ST IVES Town Investment Plan 35 ALIGNMENT WITH LOCAL AND REGIONAL STRATEGIES This Town Investment Plan aligns with both local and regional strategies. It builds on existing strategy development and community engagement in the town, delivering on key objectives. At the regional level, our Town Investment Plan delivers key priorities in both Cornwall Council’s Business Plan and the Cornwall and Isles of Scilly Local Industrial Strategy. ST IVES TOWN INVESTMENT PLAN LOCAL STRATEGIES REGIONAL STRATEGIES St Ives Neighbourhood Development Plan – expresses development aspirations, vision, objectives and policies for the parish and its local communities from 2015 to 2030. It sets out a Cornwall Council Business Plan – vision for St Ives to be vibrant, resilient and beautiful. sets the aims of the Council for 2018 to 2022 to ensure that everyone lives well and safely together, more homes and St Ives Community Charter – established to deliver objectives jobs are created for residents, and the in the Neighbourhood Development Plan. It identifies the assets environment is protected and enhanced. that underpin the qualities fundamental to health, wellbeing, cohesion and identity of local communities and the environment. St Ives Local Economic Strategy – sets out the economic development priorities for 2016 to 2030, building on the objectives in the Neighbourhood Development Plan. It focuses Cornwall and the Isles of Scilly Local on creating a resilient local economy serving a prosperous and Industrial Strategy – identifies health community. opportunities in clean energy and geo-resources, data and space, agri- St Ives Business Improvement District Renewal Business Plan food and the visitor economy, and sets –their plan from 2019 to 2024 to deliver projects and services in out priorities for place, skills, business the town centre to improve appearance and facilities, marketing support, innovation and infrastructure. and events, accessibility and security, and business support.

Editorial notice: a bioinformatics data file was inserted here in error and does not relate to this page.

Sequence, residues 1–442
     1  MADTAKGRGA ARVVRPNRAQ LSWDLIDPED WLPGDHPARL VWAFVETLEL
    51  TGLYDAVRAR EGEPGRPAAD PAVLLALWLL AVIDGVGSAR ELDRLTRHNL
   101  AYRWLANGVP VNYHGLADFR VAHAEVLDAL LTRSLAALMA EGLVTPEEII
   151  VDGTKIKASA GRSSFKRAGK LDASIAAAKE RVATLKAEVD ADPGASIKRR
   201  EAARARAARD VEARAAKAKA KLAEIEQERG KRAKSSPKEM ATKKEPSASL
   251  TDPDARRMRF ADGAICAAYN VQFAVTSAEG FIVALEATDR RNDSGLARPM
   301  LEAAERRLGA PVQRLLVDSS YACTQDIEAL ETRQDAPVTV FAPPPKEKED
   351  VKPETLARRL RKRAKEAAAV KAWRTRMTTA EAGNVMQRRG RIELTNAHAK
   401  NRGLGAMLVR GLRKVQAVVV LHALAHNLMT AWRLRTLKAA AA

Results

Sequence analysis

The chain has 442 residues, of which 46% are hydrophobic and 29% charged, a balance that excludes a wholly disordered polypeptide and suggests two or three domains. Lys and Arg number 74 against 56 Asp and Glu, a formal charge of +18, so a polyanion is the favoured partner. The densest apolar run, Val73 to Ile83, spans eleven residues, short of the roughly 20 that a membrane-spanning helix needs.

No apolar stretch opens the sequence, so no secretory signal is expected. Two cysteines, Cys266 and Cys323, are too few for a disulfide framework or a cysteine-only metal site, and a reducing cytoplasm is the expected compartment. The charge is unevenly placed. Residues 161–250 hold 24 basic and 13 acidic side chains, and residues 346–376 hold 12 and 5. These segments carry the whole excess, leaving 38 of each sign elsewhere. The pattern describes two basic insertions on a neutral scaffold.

36 ST IVES Town Investment Plan Prioritisation process This section summarises We have worked with the local community to develop a long list of potential projects. We were keen to draw together ideas the prioritisation and creative solutions from all our community, so as well as a general invitation, we actively reached out to community process used to and faith groups, local social enterprises and creative organisations to encourage them to put forward ideas that identify the projects could help deliver the vision that has been agreed. put forward in our This generated an initial long list of over 40 projects, which we then assessed using a robust project selection and Town Investment Plan. management process, using the Government Towns Fund Intervention Framework and a published selection matrix to measure potential projects against (see Table 1). This included economic, social and environmental indicators to fit with local strategy and Towns Fund objectives. We then sought views on the potential prioritised list from the community via our web communications and outreach to specific organisations, before taking those into account and finalising this investment plan. The diagram below describes our prioritisation process: St Ives is known throughout the world as a superb holiday Prioritisation Short-list Expression Community Long-list destination, partly because of of Interests views on agreed matrix of projects assessment agreed by its unique cultural history. What submitted priorities by Board by sub-group Board must not be forgotten, however, is its vibrant local community. I am very supportive of the The Town The published matrix was used to assess this long list of Deal which should greatly assist projects submitted to the St Ives Town Deal Board for possible inclusion in the Town Investment Plan. The scores against this community by improving the criteria in the matrix were averaged, and the results the town’s infrastructure, and were presented back to the Board. This was complemented allowing for vital diversification by detailed discussions with project leads. Our final Town and sustainability in an ever Investment Plan identifies three strategic transformational changing climate. priorities which will be delivered through investment in eight defined projects as well as our Delegated Fund, so that we can - Janet Axten, MA Historian, respond flexibly to the needs of COVID-19 recovery. age in her 70’s